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The death and life of Suffolk campaign finance

Key lawmakers are set to put Suffolk County’s long-delayed experiment in campaign finance reform on hold before it takes hold. Deputy President Steve Flotteron and Legis. Dominick Thorne will announce that intention on Tuesday, saying the $2 million set aside for the program would be better spent on other government services.

Just last year, the county created a public campaign finance committee to oversee matching funds for candidates willing to participate by agreeing to contribution and spending limits. This was to make Suffolk the largest local government in the state to establish such a campaign finance scheme.

County Executive Steve Bellone, a Democrat, last April praised the current system and said state-funded elections are increasing voter turnout and encouraging non-traditional candidates to run for office. Proponents say the procedure could diminish the influence of wealthy donors and special interest groups.

Now the Republicans who took control of the county legislature in November have a resolution on Tuesday’s agenda outlining their resistance.

“This Legislature believes that public funding of partisan political campaigns, political consultants, political advertisements, political robocalls and the like is not an expense intended to be borne by the ratepayers of the county,” he says. “Furthermore, studies have shown that public campaign finance does not affect the status quo that keeps established parties and incumbents in power.”

“This Legislature further concludes that ordinary taxpayers should not be coerced through the public purse into supporting candidates they would never choose to vote for, and should instead be given the opportunity to decide if and when they want to contribute. money to a policy. party, candidate or cause.

Lisa Scott of the League of Women Voters said supporters of change are ready to make those points when the legislature convenes on Tuesday.

Last year was going to be the first election to introduce the system, starting only with legislative races. But COVID-19 delayed the full functioning of the board, which Bellone named Mercy Smith as chair. The revised plan was to begin funding in 2023 for races in both the Legislature and County Executive.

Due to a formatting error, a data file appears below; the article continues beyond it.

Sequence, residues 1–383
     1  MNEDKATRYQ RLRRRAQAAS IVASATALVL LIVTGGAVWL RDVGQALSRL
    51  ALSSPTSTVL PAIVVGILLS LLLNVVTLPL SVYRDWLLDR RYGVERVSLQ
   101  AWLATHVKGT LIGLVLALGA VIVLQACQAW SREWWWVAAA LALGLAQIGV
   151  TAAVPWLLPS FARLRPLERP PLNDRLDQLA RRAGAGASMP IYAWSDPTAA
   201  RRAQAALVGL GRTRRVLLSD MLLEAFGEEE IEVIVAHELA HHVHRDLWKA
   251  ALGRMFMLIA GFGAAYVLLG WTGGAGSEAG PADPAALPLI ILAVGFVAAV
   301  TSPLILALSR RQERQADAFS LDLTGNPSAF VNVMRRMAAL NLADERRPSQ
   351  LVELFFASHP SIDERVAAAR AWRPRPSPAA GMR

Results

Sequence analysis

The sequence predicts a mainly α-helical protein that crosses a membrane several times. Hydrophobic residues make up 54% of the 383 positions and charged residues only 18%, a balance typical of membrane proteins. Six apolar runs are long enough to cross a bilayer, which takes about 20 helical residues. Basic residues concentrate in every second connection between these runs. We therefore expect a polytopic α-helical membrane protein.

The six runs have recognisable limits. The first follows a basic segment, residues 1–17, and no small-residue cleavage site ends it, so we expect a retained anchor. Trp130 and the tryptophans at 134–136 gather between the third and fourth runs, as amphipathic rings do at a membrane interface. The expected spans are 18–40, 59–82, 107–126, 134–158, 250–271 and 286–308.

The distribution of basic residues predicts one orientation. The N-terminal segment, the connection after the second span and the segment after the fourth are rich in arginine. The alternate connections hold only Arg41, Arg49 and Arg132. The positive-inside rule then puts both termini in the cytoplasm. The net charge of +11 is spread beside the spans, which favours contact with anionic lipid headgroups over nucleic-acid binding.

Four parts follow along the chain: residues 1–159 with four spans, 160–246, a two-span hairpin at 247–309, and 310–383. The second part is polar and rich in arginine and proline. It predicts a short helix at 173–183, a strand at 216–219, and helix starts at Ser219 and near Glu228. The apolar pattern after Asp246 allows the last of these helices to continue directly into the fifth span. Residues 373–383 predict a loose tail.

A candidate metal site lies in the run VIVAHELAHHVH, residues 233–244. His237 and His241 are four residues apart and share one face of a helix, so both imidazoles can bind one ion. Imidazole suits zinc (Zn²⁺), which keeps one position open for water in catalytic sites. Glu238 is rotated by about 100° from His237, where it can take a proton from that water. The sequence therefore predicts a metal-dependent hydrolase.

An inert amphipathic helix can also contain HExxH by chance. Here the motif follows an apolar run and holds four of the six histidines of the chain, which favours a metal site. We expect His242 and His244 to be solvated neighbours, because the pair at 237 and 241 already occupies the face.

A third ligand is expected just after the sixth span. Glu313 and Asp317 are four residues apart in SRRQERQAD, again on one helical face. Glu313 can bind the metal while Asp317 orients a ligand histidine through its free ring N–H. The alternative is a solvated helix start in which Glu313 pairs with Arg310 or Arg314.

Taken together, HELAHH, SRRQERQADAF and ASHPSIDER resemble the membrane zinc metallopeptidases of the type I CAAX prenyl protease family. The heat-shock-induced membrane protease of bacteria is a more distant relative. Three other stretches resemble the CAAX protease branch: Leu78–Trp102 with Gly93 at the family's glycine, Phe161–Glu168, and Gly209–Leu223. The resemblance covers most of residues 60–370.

The county’s recurring attempts at reform are not new.

Proposition One from 1998, written by then Legis. Steve Levy won in a referendum by a 2-1 margin. Praised at the time by a League of Women Voters official as putting Suffolk “at the forefront of campaign finance reform”, it would go on to provide state funding to most county offices.

It never happened. In 2002 a council to enact the new spending rules was created, but in the end no candidate received any money, the council was abolished and the law repealed, giving way to a new generation of debates and trying to initiate the idea.

—Dan Janison @Danjanison

Subject of discussion

Front line blocking, Albany style

A unique sausage-making exercise in Albany surfaced during the final hours of the state legislature session. Friday evening, Assembly. Judy Griffin (D-Rockville Center) danced tenaciously and fought her way through nearly an hour of logical and persistent questions from fellow Republicans. The subject: A bill she sponsored dealing with an aspect of the partisan power struggle for control of Nassau University Medical Center.

Strategically, Griffin managed to give as few details and clues as possible as to why she was helping push Bill S09162 forward at the last minute. The measure gives anyone appointed to “a county office” who has not timely filed their required oath of office a further 30 days to do so retroactively.

Anyone following the political uproar that accompanied Nassau County Republican Executive Bruce Blakeman’s maneuverings on the hospital board could easily guess the purpose and tactics. This would protect Ann Kayman’s nomination to the NUMC board in the 11th hour by Blakeman’s Democratic predecessor, Laura Curran.